18 February 2016 | Quinoa1984
good for nostalgia, wish it was better
7 out of 10 may seem like a good rating for I Am Chris Farley, and on the whole this is a documentary worth watching, primarily for those who have seen Farley's work back in the 90's (I want to see more of the perspective of someone who isn't a fan, or was too young to see the impact at the time). And for myself the work of this man has resonance from a specific time; as an adolescent, Farley came at just the right time in my life via his work on SNL and movies like Tommy Boy and Coneheads, and I even found as an overweight kid that he was kind of an odd role model.
Here was a guy acting like a silly fool on TV and in movies, but in the roles he was committed completely, without any equivocation, while also having a pure, kind spirit about how he related to other actors and characters: a man-child in a way that wasn't stupid in an obnoxious way (a danger with comedian stars today). Among the sort of BIG comedic stars of his time he went even BIGGER than someone like Belushi (maybe slightly less, uh, nuanced if that's possible as comparison), and with a drive all his own. His death was a shattering moment in my life, though I wonder what would've happened had I grown up more with him around - but for a 13 year old, he was just about perfect.
This documentary looks at his life from start to end, from his childhood and early years gaining his footing as someone who just liked to perform for people on stage (from small clubs to Second City), to SNL and stardom. There are plenty of talking-heads to keep it all moving, plus photos and selected clips from when he was on stage at things like the small club in Milwaukee where he got more focused as a performer, and it's his family that sheds light on a man who was loaded for bear with passion for being silly and making people laugh (sometimes to borderline dangerous results - an anecdote about taking out his penis in a high school typing class is very funny and could only work with Farley and the context of the place).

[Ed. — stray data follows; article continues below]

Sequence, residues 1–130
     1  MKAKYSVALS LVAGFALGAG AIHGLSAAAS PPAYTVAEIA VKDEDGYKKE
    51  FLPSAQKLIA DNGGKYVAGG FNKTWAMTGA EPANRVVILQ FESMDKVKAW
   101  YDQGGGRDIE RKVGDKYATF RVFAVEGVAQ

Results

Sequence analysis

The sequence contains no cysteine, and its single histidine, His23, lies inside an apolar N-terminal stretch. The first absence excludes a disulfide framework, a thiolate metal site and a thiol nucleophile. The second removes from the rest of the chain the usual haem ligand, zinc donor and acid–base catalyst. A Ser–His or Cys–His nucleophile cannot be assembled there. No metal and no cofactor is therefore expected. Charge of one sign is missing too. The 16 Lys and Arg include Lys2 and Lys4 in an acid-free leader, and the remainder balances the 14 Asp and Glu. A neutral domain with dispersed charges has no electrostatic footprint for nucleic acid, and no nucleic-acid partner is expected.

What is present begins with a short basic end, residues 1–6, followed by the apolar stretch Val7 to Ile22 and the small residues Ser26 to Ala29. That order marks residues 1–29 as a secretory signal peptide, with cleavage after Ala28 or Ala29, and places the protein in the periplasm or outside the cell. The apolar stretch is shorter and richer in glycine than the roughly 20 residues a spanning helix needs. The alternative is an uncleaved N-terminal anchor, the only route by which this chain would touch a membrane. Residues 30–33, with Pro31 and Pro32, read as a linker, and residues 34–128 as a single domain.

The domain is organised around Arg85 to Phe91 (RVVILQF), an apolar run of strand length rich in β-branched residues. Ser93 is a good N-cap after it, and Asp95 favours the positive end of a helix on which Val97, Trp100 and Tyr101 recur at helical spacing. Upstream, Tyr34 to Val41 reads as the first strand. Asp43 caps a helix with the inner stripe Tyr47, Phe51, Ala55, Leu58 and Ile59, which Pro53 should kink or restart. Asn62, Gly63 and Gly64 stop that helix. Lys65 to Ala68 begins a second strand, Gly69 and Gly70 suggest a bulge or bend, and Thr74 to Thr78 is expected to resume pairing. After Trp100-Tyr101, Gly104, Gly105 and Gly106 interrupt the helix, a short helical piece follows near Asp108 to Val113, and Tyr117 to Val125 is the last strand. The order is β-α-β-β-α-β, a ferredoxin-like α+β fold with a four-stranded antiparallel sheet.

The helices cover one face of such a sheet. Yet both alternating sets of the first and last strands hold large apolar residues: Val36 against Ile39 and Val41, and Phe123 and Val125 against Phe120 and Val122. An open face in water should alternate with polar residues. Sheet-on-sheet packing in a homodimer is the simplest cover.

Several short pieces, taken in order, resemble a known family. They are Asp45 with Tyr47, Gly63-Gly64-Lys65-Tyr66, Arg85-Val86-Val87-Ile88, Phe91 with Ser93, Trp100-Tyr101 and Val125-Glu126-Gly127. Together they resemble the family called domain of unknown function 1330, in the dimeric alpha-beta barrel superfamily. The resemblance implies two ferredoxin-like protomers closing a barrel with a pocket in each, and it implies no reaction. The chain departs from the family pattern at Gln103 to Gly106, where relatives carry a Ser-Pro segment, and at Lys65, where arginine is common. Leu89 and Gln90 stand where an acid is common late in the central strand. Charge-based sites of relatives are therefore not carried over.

There might have been a slight quality to some of this first half, and I think it's simply because the directors are making something for TV; this was shot for the Spike TV channel, and the filmmakers use light, bouncy (but very generic) music to move parts of it along, and the same type of generic music over sadder/darker moments when they pop up (mostly near the end of the movie). I also wish that the filmmakers, for all of the clips from SNL (of course) and Tommy Boy and Black Sheep, got other clips were featured to see his different roles (Wayne's World, Coneheads, Airheads, the final performances in Almost Heroes or Dirty Work), or even the audio for certain clips from his very early stage work. But most of all I wish the documentary were longer, and that the filmmakers went more in depth about the dark side of his life; it's not that it isn't touched on, and it's seen how he slipped off into despairing situations in addiction, but it's not given equal weight, and his final year is mostly skimmed over.
And yet the clips that are featured are wonderful, and the anecdotes from certain people like Bob Odenkirk (you can tell Farley was so important a person, nevermind talent, to him), Lorne Michaels, and cast from SNL like Myers and Sandler and Spade make for shaping up Farley as this genuinely good person who was just genuinely uncontrollable as a comic talent and (unfortunately) as an addict. I found myself laughing, big belly laughs I mean, for scenes from SNL that I've seen many times. Something about Farley was so genuine as a performer, there was no real BS about him, and he would go for a joke even if it wasn't there (the skit on the show where he's in the beard at the restaurant) which just shows his total tenacity. And yet it's also revelatory to how he was a solid Christian man in spirit. What's most fascinating about I Am Chris Farley is seeing a man who's own love of excess as an actor and as a man was his own undoing. I wish there was more detail.